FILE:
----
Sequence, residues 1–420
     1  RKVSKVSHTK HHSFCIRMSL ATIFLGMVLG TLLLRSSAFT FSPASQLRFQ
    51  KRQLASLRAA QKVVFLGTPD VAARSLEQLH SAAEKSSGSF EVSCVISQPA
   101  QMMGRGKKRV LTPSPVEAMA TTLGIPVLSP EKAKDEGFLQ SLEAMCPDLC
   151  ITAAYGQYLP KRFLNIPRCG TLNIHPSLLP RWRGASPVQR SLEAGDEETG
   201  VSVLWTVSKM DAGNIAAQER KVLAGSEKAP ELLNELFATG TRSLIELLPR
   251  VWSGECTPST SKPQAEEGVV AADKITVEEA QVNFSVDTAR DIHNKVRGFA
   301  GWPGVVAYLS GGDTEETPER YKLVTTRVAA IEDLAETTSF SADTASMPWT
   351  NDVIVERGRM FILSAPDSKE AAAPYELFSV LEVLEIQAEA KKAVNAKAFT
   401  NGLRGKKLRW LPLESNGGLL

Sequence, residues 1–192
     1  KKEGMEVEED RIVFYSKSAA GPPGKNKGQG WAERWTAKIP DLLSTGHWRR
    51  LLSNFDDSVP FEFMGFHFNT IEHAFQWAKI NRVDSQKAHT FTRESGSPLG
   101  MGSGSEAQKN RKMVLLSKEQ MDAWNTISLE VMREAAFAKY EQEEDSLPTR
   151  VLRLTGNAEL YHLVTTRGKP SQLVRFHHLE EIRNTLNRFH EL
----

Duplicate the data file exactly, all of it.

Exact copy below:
Sequence, residues 1–420
     1  RKVSKVSHTK HHSFCIRMSL ATIFLGMVLG TLLLRSSAFT FSPASQLRFQ
    51  KRQLASLRAA QKVVFLGTPD VAARSLEQLH SAAEKSSGSF EVSCVISQPA
   101  QMMGRGKKRV LTPSPVEAMA TTLGIPVLSP EKAKDEGFLQ SLEAMCPDLC
   151  ITAAYGQYLP KRFLNIPRCG TLNIHPSLLP RWRGASPVQR SLEAGDEETG
   201  VSVLWTVSKM DAGNIAAQER KVLAGSEKAP ELLNELFATG TRSLIELLPR
   251  VWSGECTPST SKPQAEEGVV AADKITVEEA QVNFSVDTAR DIHNKVRGFA
   301  GWPGVVAYLS GGDTEETPER YKLVTTRVAA IEDLAETTSF SADTASMPWT
   351  NDVIVERGRM FILSAPDSKE AAAPYELFSV LEVLEIQAEA KKAVNAKAFT
   401  NGLRGKKLRW LPLESNGGLL

Sequence, residues 1–192
     1  KKEGMEVEED RIVFYSKSAA GPPGKNKGQG WAERWTAKIP DLLSTGHWRR
    51  LLSNFDDSVP FEFMGFHFNT IEHAFQWAKI NRVDSQKAHT FTRESGSPLG
   101  MGSGSEAQKN RKMVLLSKEQ MDAWNTISLE VMREAAFAKY EQEEDSLPTR
   151  VLRLTGNAEL YHLVTTRGKP SQLVRFHHLE EIRNTLNRFH EL